United States District Court, D. Maryland, Southern Division
J. Hazel United States District Judge
Maurice Ragins was being housed at the Baltimore Central
Booking & Intake Facility ("BCBIF"),
where he alleges he was struck by Correctional Officer
Sergeant Brett Thomas ("Sgt. Thomas") with an open
hand, immediately followed by assaults from several other
officers. ECF No. 1-1 at 2.Mr. Ragins states that this
occurred while Lieutenant Derrick Burman
(“Lt. Burman") stood and watched from
the doorway. On August 20, 2015, the Court received
Ragins" civil rights complaint filed pursuant to 42
U.S.C. § 1983. Defendants have filed a Motion to Dismiss,
or in the Alternative, Motion for Summary Judgment, ECF No.
16, and Ragins filed an Opposition. ECF No. 21. Defendants
filed a Reply. ECF No. 24. No hearing is necessary.
See Loc. R. 105.6 (D. Md. 2016). For the following
reasons, Defendants" Motion is denied.
Ragins states he was detained at the BCBIF in 2014. He claims
that on May 8, 2014, after conversations with correctional
officers regarding a prison transfer and cell reassignment.
Sgt. Thomas struck him in the face with an open hand. Ragins
alleges he was subsequently assaulted by other officers, who
used their boots and fists, while Lt. Burman stood and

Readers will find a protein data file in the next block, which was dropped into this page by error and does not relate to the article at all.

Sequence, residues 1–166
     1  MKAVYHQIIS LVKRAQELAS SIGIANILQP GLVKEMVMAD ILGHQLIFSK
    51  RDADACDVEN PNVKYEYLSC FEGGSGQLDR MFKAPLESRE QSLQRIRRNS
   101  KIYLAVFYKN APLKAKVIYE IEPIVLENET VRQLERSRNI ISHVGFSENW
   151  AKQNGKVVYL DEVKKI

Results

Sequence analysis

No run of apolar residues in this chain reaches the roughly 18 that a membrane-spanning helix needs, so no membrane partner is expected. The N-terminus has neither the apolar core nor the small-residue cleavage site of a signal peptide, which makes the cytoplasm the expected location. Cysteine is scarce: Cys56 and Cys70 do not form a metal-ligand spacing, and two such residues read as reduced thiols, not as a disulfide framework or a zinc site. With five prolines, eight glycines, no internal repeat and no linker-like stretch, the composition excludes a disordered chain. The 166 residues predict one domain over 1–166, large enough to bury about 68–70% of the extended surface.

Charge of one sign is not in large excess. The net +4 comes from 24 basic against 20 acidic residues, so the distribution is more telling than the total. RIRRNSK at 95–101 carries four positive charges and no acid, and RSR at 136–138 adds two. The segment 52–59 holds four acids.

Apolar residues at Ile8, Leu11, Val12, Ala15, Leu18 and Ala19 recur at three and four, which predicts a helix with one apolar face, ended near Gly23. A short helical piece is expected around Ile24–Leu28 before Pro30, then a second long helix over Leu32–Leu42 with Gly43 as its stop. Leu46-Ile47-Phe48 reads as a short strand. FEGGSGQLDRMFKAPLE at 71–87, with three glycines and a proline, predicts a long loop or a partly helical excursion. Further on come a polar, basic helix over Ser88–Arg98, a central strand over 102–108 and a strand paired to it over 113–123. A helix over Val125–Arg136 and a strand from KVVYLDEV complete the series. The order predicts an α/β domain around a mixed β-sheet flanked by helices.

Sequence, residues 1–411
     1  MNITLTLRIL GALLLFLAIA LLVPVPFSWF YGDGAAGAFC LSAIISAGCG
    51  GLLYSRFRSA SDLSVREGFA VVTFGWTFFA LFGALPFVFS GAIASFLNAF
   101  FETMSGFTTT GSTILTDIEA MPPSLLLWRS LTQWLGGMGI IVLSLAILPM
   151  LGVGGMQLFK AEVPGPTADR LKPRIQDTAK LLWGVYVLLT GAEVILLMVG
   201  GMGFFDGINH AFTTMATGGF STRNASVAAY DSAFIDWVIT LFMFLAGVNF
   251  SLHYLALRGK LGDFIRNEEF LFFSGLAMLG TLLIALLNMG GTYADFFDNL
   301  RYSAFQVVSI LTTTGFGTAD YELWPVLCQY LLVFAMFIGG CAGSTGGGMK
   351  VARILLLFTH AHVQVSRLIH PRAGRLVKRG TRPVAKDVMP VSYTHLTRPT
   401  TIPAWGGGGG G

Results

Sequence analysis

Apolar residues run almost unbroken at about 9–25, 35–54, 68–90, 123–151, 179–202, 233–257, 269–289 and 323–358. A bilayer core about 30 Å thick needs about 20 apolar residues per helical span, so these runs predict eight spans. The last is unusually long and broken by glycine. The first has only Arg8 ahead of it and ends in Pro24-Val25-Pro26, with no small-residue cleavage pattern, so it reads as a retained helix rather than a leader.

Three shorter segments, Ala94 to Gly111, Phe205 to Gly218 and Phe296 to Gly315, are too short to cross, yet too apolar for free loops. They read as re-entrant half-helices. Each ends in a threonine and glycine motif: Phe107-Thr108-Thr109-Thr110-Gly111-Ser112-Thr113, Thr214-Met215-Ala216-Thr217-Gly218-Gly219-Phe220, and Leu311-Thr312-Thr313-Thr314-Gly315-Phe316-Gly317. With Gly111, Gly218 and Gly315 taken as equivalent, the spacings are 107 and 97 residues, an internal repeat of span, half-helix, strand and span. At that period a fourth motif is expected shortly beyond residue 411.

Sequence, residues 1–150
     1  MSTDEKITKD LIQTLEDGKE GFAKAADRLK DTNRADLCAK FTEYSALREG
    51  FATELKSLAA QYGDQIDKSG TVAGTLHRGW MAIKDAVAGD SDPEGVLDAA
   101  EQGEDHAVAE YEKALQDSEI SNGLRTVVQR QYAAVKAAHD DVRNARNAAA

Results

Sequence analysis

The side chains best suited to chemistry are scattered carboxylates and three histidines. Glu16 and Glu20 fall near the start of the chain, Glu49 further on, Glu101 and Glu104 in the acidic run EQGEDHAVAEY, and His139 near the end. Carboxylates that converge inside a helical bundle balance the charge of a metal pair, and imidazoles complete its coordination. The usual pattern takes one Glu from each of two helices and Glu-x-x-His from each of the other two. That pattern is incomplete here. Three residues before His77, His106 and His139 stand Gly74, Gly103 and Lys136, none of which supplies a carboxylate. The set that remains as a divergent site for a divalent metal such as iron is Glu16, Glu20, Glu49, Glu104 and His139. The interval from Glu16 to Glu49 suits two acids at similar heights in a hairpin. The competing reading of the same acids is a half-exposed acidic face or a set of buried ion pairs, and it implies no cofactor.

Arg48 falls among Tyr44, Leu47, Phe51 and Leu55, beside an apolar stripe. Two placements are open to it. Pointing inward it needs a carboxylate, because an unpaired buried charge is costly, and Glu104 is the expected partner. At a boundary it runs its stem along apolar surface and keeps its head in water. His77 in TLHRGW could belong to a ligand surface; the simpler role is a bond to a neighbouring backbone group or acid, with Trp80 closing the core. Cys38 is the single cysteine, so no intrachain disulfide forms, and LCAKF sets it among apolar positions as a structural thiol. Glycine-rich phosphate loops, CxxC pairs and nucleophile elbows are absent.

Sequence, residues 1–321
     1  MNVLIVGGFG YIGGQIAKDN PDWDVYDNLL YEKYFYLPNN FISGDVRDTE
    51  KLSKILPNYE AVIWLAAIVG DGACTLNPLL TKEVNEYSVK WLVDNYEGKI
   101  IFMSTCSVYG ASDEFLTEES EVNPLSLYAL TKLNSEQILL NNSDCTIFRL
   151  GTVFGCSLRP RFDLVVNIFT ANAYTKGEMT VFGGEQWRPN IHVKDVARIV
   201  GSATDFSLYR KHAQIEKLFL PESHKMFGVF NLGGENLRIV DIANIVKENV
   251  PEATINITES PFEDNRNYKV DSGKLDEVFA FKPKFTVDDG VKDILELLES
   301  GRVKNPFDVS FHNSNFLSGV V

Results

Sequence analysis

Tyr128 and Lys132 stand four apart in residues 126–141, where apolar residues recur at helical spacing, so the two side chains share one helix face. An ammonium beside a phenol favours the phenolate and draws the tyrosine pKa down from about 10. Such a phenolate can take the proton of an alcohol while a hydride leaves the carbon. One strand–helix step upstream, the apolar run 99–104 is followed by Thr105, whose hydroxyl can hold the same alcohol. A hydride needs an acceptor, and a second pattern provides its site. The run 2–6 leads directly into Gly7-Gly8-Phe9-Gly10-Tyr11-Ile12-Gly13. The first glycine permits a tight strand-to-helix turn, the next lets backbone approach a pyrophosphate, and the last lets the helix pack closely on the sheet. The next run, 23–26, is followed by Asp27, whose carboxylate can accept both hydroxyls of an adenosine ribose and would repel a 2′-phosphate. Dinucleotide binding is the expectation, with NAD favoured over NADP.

watched the officers attack him. ECF No. 1 at 2. Ragins
maintains that after he complied with an order to place his
hands behind his back for cuffing, he was hither stomped and
kicked by the officers, including Sgt. Thomas. ECF No. 1 at
2. Ragins claims that he was then pulled from the cell floor
and escorted to the medical department, where he received
medical treatment, hand photographs were taken of his bloody
face and ear. Id. He asserts that he filed
administrative remedy procedure ("ARP") grievances
after his return to the Maryland Correctional Institution in
Hagerstown ("MCIH"), but that they were dismissed
for procedural reasons. Id. at 3; ECF No. 1-1.
Ragins further states that he was cited with disciplinary
rule violations and was found not guilty of the infractions.
Id. He alleges his rights were violated under the
Eighth Amendment Fourteenth Amendment, and Article 16 of the
Maryland Declaration of Rights and seeks $500, 000.00 in
damages. ECF No. 1 at 3.
their Motion to Dismiss, or in the Alternative, Motion for